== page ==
I’ve taken up a new hobby, as one tends to do when they have nothing else to do, and that is the game ‘Mahjong.’  It’s a Chinese game that could be compared to rummy except it’s played with tiles instead of cards.  I’ve heard that it’s fairly addictive and many of people have gambled away their savings and worldly possessions but don’t worry, we don’t even play for points let alone money.

The dealing is the most complicated part of the game.  Without going into great detail, everyone begins with 13 tiles except the dice roller, who has 14 and discards first to get the game going.

We move through, drawing and discarding in the hopes of putting our tiles into groups of 3.  You aim for 3 of a kind (called a pong) or a run (chow) and one pair.

My winning hand

We have a regular group that gets together Tuesday morning (we’ve started Thursday mornings now too – I guess it really is addictive) and we begin with tea and snacks before we get serious.  We’ll often get 8-10 games in before we must go for lunch.  It is quite fun and I find myself looking forward to Tuesday.  We’ve even discussed a game night where we’ll stick the men in one room to play poker and we’ll do mahjong – I know, we’re pretty wild.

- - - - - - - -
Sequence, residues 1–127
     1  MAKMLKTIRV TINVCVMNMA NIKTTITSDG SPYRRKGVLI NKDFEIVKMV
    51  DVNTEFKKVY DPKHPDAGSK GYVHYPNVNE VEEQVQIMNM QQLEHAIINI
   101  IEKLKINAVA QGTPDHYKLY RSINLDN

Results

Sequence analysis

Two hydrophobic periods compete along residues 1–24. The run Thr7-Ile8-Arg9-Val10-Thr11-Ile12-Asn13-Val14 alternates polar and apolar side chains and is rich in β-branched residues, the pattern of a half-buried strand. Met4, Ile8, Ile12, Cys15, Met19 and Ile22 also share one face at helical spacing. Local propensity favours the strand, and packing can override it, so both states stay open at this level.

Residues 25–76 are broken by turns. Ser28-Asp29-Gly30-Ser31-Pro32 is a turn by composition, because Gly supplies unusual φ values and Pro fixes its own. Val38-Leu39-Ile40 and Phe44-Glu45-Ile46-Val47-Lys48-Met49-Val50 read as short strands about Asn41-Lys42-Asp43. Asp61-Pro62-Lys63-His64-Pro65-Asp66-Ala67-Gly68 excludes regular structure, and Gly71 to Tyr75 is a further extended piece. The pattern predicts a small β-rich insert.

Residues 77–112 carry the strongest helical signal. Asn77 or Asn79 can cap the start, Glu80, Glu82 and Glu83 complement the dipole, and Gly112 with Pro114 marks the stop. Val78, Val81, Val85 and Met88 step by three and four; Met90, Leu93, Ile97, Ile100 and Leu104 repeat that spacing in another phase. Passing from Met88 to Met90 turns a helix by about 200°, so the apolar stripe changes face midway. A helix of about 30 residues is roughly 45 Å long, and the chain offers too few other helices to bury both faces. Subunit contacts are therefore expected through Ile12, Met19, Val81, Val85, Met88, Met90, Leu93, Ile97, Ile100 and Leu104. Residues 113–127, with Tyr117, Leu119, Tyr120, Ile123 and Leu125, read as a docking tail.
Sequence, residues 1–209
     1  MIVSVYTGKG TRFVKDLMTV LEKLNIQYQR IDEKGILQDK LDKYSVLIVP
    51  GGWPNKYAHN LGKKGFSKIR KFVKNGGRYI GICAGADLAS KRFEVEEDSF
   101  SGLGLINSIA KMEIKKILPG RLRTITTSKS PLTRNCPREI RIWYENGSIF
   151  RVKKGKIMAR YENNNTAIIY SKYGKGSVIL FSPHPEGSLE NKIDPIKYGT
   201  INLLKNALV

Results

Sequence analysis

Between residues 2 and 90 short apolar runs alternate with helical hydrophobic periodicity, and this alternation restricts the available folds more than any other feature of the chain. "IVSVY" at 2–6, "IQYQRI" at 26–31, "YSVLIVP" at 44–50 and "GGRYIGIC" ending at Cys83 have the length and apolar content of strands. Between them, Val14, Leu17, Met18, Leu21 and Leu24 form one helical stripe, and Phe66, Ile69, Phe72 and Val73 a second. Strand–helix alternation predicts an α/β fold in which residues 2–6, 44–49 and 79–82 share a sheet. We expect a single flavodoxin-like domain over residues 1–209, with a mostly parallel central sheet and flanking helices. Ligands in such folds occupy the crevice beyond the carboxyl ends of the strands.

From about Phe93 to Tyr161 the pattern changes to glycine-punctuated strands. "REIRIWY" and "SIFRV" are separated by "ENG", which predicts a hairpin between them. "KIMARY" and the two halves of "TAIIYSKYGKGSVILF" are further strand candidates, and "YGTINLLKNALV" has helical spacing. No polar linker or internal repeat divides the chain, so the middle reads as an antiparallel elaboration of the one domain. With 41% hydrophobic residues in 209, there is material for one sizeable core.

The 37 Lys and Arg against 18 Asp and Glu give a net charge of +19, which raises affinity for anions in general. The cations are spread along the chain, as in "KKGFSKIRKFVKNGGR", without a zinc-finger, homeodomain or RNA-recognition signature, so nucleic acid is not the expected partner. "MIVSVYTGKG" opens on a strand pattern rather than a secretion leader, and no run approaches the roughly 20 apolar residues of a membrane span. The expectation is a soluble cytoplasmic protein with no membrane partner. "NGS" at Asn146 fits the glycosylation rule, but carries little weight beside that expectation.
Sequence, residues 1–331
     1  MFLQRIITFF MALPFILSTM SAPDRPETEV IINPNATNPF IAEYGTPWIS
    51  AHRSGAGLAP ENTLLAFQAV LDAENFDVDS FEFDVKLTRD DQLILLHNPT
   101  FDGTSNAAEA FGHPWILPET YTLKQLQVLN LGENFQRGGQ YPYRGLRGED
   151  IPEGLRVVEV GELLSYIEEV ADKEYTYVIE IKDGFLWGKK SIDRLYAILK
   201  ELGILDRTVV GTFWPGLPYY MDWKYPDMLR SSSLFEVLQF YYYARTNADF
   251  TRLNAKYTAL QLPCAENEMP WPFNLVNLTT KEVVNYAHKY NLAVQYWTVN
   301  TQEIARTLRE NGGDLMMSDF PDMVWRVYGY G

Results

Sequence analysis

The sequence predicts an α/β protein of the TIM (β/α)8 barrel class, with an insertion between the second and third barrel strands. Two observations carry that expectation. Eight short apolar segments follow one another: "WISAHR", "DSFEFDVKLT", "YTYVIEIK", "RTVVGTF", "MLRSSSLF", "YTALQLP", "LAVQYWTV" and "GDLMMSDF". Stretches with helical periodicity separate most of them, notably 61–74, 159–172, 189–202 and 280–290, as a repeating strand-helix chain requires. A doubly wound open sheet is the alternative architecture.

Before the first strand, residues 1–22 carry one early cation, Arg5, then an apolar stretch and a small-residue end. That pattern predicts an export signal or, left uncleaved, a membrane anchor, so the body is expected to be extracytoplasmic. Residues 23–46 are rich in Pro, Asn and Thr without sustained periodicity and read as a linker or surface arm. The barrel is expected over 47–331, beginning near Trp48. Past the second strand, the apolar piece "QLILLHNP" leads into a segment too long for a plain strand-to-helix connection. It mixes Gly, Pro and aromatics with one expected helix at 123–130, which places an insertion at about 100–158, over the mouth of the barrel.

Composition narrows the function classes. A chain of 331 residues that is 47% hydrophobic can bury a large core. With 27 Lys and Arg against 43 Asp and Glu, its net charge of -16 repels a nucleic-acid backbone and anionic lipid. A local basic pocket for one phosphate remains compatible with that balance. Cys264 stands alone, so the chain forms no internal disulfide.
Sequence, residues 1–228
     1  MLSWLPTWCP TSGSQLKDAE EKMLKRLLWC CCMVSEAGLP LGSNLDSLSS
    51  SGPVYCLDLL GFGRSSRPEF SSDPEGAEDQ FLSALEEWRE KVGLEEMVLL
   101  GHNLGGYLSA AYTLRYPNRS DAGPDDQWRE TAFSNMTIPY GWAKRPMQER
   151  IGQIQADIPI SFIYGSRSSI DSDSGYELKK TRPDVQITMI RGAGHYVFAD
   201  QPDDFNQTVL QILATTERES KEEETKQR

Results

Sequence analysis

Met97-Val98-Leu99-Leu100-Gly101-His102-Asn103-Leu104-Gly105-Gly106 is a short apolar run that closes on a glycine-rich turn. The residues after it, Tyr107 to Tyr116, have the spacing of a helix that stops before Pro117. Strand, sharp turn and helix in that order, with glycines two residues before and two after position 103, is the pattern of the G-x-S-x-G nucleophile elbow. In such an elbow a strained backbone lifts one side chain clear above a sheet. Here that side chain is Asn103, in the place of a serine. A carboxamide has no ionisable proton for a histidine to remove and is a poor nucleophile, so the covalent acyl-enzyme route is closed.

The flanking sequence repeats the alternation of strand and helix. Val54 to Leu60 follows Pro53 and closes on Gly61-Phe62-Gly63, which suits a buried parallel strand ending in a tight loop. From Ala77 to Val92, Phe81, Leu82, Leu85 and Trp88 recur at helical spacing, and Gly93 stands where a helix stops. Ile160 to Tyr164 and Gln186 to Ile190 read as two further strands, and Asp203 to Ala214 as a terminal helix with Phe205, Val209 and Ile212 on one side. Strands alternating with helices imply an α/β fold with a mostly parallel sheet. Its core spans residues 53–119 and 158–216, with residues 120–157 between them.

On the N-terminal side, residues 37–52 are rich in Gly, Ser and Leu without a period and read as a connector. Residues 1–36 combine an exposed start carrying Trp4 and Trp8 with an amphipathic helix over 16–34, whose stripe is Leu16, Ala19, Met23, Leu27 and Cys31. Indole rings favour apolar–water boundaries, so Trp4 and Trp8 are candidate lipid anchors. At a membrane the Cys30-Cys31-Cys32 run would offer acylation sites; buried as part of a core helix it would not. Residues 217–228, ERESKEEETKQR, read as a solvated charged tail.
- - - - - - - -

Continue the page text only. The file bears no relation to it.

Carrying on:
Funny Little Story

11 01 2012

It was a friend’s birthday yesterday and a group of us ladies decided to go out for a late afternoon drink to a little place downtown on the water.  One of the ladies ordered a gin & tonic but emphasized that she’d like just a little gin (they have a tendency to pour half and half here.)  We drank our drinks and when it came time to go we began to break down the bill.  We noticed the server had forgot to charge for the gin and being the good people we are, we let her know so she could fix it.

Well she explained to us that the gin was free because it was just a little .

I saw it and it was clearly a full shot in the cup.